out no trouble at all, but now we haven't been out since the beginning of February.
You won't see much difference in rabbits there's not many about the place, me and the boy did
hammer them a bit and I'd say it's all down to the .17. With a .22 you're limited with
range, but with this the range is a lot further and providing the bullet hits them, they're
not going anywhere anyway. It's a lovely round. I love it. Tonight there is no wind at all
which is ideal for this thing, because it only needs a little bit of wind and it blows
it off, but it's been mild and we've had a bit of a day on the old pigeons today, so
see if we can shoot a few rabbits to finish the day off.
The crops are making excellent progress in the unseasonably warm weather, so spotting
rabbits might be tricky - but where they've been active - they've left themselves out
in the open.
The .17 makes a cracking noise and this fast flat round really knocks these bunnies flying.
We hurl around the crops and then on to the pasture. The animals are easily spooked tonight
and Crow Man thinks it could be because it is such a bright night.
Nevertheless he's picking them off at a decent rate. Some of the bunnies in the back look
pretty young.
Bit late out tonight, it's surprising, you don't usually get many youngsters, but what
have we got here, we've got one, two, three, four, five, six old ones in there and the
same with youngsters. The first ones we shot were the youngsters, they were a bit jumpy
tonight considering they hadn't been shot at, there's been a bit of moon out which doesn't
help the job, but we're getting a few, not as many as I expected to see, I expected to
see a few more. Like I said they were a bit jumpy tonight.
It's a good thing if you don't see too many.
Yes, it is for me, but it doesn't pay for cartridges.
Most fields deliver a few chances and Crow rarely needs a second bite of the cherry.
At the end of the hour we have 29 rabbits - one every two minutes - Considering the
place is not overrun with rabbits, that's efficient shooting in anyone's book.
Well, spring is definitely here and in the north of England lambing is getting under
way. Well that means corvids are on farmer's minds. Here's one man who spends his winters
keeping them under control.
Going back to when it was cold, it is this man from Kendal in Cumbria's job to keep down
the local corvid population. Crows are blamed for eating the eyes out of baby lambs as they
are being born, rooks damage crops and jackdaws steal nestlings and eggs. It is often said
by the wise that the trickier the quarry, the earlier you have to wake up and the more
and better kit you need. This crow controller is no slouch on kit.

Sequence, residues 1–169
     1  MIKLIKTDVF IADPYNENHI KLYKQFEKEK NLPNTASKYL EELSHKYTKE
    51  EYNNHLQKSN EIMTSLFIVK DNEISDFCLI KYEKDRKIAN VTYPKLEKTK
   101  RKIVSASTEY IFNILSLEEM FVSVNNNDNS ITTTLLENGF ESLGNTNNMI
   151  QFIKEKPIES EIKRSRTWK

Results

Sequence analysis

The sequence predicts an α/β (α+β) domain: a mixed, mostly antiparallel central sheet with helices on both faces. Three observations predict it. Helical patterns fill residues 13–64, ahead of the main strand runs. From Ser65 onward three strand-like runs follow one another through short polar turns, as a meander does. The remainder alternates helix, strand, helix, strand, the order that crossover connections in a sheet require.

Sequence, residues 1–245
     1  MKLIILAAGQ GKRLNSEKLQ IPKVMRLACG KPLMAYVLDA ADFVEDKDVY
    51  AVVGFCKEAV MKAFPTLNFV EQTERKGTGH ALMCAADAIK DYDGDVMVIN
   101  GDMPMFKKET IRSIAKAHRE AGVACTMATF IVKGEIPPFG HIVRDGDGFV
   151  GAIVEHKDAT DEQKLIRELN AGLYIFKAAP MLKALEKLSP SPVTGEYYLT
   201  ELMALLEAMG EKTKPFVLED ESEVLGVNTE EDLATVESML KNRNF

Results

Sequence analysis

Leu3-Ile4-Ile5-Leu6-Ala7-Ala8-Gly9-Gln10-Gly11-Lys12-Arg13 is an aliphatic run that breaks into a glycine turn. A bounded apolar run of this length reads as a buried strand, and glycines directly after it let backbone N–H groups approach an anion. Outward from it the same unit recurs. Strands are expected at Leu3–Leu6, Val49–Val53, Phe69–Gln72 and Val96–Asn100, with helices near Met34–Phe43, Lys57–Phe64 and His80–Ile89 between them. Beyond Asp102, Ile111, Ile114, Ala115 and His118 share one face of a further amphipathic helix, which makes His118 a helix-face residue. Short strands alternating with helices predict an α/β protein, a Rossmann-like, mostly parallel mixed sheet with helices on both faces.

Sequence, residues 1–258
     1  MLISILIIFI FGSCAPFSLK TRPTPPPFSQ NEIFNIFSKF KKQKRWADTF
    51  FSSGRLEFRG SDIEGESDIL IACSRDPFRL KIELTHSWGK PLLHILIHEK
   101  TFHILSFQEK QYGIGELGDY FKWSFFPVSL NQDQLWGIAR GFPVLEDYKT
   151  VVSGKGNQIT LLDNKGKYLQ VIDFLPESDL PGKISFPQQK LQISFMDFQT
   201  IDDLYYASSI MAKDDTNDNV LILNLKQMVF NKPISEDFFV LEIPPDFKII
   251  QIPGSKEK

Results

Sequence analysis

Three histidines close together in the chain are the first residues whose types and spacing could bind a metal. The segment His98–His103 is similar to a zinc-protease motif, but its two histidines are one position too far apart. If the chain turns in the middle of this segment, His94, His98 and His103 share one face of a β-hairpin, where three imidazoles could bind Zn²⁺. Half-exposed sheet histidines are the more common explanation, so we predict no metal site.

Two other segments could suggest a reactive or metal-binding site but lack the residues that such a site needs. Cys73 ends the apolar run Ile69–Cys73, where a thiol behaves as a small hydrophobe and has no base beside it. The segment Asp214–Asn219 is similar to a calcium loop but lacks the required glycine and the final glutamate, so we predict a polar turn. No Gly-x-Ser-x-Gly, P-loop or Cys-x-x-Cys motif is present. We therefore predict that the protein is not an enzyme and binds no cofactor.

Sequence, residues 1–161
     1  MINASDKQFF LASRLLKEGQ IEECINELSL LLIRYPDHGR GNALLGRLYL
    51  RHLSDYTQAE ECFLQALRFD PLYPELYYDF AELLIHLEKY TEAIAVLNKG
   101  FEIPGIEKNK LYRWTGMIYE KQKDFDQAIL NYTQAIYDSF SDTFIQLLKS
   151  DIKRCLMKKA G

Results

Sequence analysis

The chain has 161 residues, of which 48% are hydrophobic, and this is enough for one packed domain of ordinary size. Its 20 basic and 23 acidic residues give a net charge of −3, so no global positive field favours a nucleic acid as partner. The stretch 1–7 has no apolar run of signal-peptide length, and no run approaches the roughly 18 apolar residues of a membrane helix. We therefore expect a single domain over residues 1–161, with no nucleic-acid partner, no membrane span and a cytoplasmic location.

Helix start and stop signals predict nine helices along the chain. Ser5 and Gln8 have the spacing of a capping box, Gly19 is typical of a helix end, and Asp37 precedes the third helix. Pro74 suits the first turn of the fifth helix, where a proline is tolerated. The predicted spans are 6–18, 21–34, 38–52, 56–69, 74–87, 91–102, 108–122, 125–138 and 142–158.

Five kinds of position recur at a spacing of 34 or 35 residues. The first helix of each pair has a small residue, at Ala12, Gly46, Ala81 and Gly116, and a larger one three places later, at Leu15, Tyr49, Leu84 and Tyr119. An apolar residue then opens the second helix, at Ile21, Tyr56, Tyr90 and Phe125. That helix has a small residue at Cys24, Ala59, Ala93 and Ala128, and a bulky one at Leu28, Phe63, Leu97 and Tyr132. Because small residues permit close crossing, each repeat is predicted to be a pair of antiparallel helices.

There's probably a lofting bird up there. There's an old dead tree just in the woods
there that the sentinel birds tend to sit in, right at the very top and if we can stop
them sitting up there by putting one up here, then hopefully they will be a little less
wary and come into the pattern a bit better.
The birds are within sight but not within shot. Despite feeding them in and, passing
them feeding there daily as nonchalantly as he can, they are showing no interest in the
food today. Corvids are better at counter-intelligence than the KGB.
They just come in and eat all the cattle feed, going in and out of the barns and taking the
feed, farmers are having to pay for feeding the crows, so they've asked us to come and
get rid of them.
It's a free service you provide?
Yes, it's all funded by myself. I don't anything for doing it other than the joy of going out
and shooting the crows.
After dawn does her stuff and floods the Lakeland fells with sunlight, even this weak wintery
sort, we must be highly visible so it is time to move. The new farm we go to has more natural
cover. It is on top of a small hill and birds can appear suddenly from any angle. Again,
the decoy pattern goes out - but this is more of an ambush.
At last: the only bird to come close enough for a shot.
So what kind of gun is best for this work?
I've got the SX3, that's the 5 shot so it's on my fire arms certificate. I've also got
the Winchester Select over and under which we use on shoot days, proper shoot days, for
crows and pigeons and things it's the SX3 all the way.
Why do you like it?
Very reliable, I have no problems with it, very rarely jams up and if it does it's because
I've not cleaned it properly and it cycles what ever you put through it, no problems,
it shoots well.
It's not been a very big day today, you have had big days up on these farms.
Yup, typically you'd shoot anywhere between 20 and 50 birds here, I've had 100-bird days,
some cracking shooting, when it's good it's on a par with a good pheasant day, it's a
good sport.
Well creeping up on crows with a shot gun has its own problems. One way to really surprise
a crow is by using a long distance rifle and that's what Ian Harford is doing this week
on Team Wild TV. If you click on the angry buck you can watch it now.
Well, we are back next week. If you have been watching this on YouTube please don't hesitate
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Wednesdays 7pm. This has been Fieldsports Britain. Fishless, but happy.